The foreign exchange reserves held by the central bank declined 0.3% on a weekly basis, according to data released by the State Bank of Pakistan (SBP) on Thursday.
On August 20, the foreign currency reserves held by the SBP were recorded at $17,578.9 million, down $47 million compared with $17,625.9 million on August 13.
According to the central bank, the outflow came on account of debt repayments.
“On August 23, 2021, the SBP received IMF SDR allocation of $2,751.8 million,” it said. “This amount will increase foreign exchange reserves of the SBP and will be reflected in the data to be published on September 2, 2021.”
Overall liquid foreign currency reserves held by the country, including net reserves held by banks other than the SBP, stood at $24,619.3 million. Net reserves held by banks amounted to $7,040.4 million.
Earlier, Pakistan borrowed $2.5 billion through Eurobonds on March 30, 2021 by offering lucrative interest rates to lenders aimed at building the foreign exchange reserves.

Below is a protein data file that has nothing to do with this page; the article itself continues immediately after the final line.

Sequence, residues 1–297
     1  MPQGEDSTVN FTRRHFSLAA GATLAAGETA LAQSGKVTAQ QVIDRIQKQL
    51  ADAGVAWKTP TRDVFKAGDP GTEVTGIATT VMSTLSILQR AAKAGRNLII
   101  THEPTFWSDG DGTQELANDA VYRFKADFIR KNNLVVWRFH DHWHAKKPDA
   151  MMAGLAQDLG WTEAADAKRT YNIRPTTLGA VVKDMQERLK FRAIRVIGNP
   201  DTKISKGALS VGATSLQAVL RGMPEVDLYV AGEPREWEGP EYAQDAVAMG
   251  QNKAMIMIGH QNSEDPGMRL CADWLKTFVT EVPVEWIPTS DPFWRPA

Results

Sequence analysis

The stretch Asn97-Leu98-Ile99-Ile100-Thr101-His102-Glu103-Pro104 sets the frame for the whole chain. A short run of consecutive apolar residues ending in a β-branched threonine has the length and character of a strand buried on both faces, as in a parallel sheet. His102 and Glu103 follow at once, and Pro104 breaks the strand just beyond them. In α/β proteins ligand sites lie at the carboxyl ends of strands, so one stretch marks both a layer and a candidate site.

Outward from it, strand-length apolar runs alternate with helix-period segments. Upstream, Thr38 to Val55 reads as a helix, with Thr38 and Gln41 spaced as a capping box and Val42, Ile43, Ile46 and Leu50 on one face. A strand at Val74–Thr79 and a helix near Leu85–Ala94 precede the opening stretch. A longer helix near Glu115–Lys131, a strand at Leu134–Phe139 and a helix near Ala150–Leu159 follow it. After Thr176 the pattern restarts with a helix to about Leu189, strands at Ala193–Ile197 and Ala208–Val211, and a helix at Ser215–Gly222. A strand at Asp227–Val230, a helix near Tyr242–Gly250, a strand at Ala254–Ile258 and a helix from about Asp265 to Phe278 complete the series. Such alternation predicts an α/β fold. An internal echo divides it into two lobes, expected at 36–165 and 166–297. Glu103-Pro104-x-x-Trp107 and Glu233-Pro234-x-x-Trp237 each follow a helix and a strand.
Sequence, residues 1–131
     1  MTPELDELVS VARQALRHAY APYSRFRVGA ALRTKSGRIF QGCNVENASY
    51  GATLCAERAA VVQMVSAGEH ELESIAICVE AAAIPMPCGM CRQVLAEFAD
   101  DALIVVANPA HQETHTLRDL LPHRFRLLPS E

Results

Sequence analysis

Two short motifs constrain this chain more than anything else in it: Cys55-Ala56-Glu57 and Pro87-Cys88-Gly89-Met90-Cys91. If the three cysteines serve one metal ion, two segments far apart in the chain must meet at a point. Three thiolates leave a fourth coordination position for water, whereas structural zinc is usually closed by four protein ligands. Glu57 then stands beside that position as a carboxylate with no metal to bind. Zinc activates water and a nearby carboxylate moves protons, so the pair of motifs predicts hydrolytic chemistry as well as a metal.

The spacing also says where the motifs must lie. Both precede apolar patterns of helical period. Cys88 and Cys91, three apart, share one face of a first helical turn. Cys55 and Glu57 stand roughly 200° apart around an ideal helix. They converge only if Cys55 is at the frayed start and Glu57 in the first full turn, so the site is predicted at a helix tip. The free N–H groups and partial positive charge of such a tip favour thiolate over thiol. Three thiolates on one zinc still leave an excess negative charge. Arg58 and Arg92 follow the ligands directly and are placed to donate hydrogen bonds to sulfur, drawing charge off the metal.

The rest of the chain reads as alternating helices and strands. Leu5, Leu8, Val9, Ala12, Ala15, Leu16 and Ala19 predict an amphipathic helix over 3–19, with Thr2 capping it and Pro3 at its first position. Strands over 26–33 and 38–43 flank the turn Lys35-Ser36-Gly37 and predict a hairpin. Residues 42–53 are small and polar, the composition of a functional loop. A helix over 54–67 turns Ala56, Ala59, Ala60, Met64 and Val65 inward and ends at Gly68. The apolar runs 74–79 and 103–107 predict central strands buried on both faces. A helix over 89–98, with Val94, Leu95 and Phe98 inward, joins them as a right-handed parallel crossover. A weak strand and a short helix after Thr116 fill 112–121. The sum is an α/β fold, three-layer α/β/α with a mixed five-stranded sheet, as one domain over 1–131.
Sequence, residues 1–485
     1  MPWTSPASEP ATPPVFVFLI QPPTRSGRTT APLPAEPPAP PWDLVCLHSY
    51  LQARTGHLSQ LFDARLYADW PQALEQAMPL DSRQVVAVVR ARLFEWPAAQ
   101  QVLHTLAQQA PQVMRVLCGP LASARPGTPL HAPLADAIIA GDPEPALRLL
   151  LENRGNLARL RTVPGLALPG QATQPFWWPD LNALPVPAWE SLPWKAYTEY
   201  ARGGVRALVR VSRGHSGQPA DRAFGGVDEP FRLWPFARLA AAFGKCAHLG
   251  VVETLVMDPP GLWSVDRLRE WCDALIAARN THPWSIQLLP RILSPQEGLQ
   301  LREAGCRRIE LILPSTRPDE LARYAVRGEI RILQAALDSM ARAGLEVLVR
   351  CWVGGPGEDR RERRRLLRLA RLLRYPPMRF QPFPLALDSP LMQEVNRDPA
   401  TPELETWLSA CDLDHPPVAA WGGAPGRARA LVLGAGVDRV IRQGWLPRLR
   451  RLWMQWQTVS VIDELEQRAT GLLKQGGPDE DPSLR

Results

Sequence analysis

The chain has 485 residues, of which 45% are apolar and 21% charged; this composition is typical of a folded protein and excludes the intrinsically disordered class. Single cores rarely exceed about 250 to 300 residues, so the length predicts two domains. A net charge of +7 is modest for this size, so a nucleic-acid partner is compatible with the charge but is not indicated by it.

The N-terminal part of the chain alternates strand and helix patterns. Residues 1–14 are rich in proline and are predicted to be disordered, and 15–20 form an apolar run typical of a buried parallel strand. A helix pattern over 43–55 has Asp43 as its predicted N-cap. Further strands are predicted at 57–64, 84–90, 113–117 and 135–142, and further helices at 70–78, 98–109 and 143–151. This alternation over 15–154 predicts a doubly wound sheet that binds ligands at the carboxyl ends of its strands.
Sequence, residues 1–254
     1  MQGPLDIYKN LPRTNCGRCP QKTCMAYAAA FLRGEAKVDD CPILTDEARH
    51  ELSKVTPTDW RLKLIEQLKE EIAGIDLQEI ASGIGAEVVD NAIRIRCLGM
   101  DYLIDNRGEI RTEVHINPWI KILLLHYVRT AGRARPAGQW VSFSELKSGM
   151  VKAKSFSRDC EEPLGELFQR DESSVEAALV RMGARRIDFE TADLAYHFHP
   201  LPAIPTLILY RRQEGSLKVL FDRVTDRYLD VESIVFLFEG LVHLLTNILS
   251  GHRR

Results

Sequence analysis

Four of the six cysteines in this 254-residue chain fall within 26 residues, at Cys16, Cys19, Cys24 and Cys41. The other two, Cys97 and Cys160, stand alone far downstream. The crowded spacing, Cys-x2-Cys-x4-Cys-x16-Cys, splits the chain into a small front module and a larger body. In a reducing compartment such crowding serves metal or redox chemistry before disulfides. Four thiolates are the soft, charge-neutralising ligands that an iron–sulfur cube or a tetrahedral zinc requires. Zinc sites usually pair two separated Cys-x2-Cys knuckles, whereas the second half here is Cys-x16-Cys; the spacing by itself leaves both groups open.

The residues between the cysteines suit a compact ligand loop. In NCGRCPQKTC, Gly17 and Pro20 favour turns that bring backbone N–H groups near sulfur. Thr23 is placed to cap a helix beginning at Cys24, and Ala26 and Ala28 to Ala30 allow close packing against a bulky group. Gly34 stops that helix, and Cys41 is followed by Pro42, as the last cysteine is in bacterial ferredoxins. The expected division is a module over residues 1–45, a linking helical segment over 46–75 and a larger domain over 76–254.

It received the first loan tranche of $991.4 million from the International Monetary Fund (IMF) on July 9, 2019, which helped bolster the reserves. In late December 2019, the IMF released the second loan tranche of around $454 million.
The reserves also jumped on account of $2.5 billion in inflows from China. In 2020, the SBP successfully made foreign debt repayment of over $1 billion on the maturity of Sukuk.
In December 2019, the foreign exchange reserves surpassed the $10 billion mark owing to inflows from multilateral lenders including $1.3 billion from the Asian Development Bank (ADB).
Published in The Express Tribune, August 27th, 2021.
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